Managing BDD scenarios with PractiTest
One of the oldest premises of QA, is that it is easier to develop a product right using a quality driven approach, than by fixing all the bugs at the end. This is where approaches such as BDD come into play. And with more and more companies shifting from waterfall to Agile or Agile-like approaches testing, quality have become a more integral element in all phases of the project and not just at the end of it.
What is BDD testing?
Behavior-driven development or BDD, which was first written by Dan North, is a method for a more accessible and effective way for teams new to agile software delivery that aims at testing human behavior rather than a computer function.
Test scenarios in BDD are based on the concept of “given, when, then” to describe various user BDD scenarios. Test cases written so, in simple text, help even non-technical team members to understand what is going on in the software project, with or without a test management tool. A common usage of the BDD approach is with automation using Gherkin and combining it with unit testing
Advantages of BDD test cases in software development
As pointed out before, BDD’s main advantage is that it increases and improves project collaboration and enables everyone involved to easily engage with the product development cycle.
But it also provides better coverage assurance, since the BDD scenarios are focused and defined around specific expected outcomes. This also contributes to far less ambiguity for developers.
Another advantage of the BDD framework is that it is easier to translate into automated tests, is very reusable and supportive of parameterization. For instance, “example tables” make it easy to run the same scenario with different combinations of inputs. BDD framework is also very adaptable, and can easily be modified as features are developed.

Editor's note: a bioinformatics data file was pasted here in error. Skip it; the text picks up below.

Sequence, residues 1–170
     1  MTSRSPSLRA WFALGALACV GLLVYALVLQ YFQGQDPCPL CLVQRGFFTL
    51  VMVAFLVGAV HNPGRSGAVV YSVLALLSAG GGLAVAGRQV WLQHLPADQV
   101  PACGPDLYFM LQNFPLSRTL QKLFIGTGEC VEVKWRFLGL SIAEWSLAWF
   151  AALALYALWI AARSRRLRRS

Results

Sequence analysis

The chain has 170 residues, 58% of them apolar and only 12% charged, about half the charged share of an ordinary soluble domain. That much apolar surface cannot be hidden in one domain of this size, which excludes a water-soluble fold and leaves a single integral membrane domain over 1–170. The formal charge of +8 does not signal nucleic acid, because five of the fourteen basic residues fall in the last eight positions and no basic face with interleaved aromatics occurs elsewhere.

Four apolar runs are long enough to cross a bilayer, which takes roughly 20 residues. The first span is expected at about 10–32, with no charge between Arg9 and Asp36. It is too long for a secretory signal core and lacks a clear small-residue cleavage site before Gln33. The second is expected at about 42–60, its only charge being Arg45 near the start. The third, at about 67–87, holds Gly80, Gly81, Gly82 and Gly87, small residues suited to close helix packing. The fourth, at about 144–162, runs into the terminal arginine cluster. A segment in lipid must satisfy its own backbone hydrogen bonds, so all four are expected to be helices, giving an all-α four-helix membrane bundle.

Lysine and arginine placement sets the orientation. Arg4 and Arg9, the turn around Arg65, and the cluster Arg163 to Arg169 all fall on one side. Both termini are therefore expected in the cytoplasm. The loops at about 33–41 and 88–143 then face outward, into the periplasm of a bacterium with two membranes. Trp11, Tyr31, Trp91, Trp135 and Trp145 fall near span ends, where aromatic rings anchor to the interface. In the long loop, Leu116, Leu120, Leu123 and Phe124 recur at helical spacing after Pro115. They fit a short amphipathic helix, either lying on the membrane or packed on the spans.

What BDD tests look like in PractiTest?
Managing your BDD requirements using PractiTest will allow you to get end-to-end coverage for your user stories. PractiTest has you covered, from requirements, then connected to relevant tests and runs, followed by issues reporting (in case such arises) and all the way to reporting results via real time updating dashboards.
By combining manual, automation and exploratory testing within PractiTest, you get a comprehensive picture of your testing status. Ensure that you are providing your stakeholders the right information at the right time, so they can make smarter project and product decisions. We’ll proceed to walk you through the process while giving some BDD test examples.
BDD scenario examples from user stories in PractiTest
Because BDD testing is based on user stories, it is best to start in PractiTest Requirements’ module, where you can create and manage all your project requirements. [see more on how to create Requirements]
Your requirement for any scenario should be written in BDD common phrasing: “Given – When – Then”. In this example we display a simple “Login” scenario with a full description in BDD format –
Creating and Running BDD Tests
The next step in our BDD test case example, is to create a test for the requirement. To create a related test, go to the 'Traceability' tab in the new requirement and create a new test for the requirement. Notice that it is possible to connect the requirement with an existing test from the test library as well.
The new test created will be linked to the requirement throughout PractiTest, which will make tracking the user story status clear, simple and reportable. The new Test just created will have the same title and full description as it’s originating Requirement.
The next phase is to add the test steps.
When testing using BDD methodology with PractiTest, it is best to define the first step “STEP 1” as your “sunny day scenario” – your primary scenario to be tested. And then you can subsequently use the following steps (2, 3, 4, etc.) to test alternative scenarios based on the primary scenario. Be sure to mention the title of the scenario, add full expected results,and save your work.
Once the test is ready add it to an existing Test Run (of course a new Test Run can be created as well). And proceed to Run.
In the Test Instance window, mark the Pass/Fail etc. for each step. In this example the last step on my test, scenario 4 has failed. I can update the actual results description for further handling and documentation.
The status of my Test can also be seen in the Test Library as well. (Note: with PractiTest, if any one step is marked as “Fail” the entire test status will be flagged as “Failed”).
Exporting and Viewing Results
The Test results can be exported in the Reports section and you can also create a useful Dashboard representation of your BDD Testing Results.
[Read more about PractiTest Dashboards]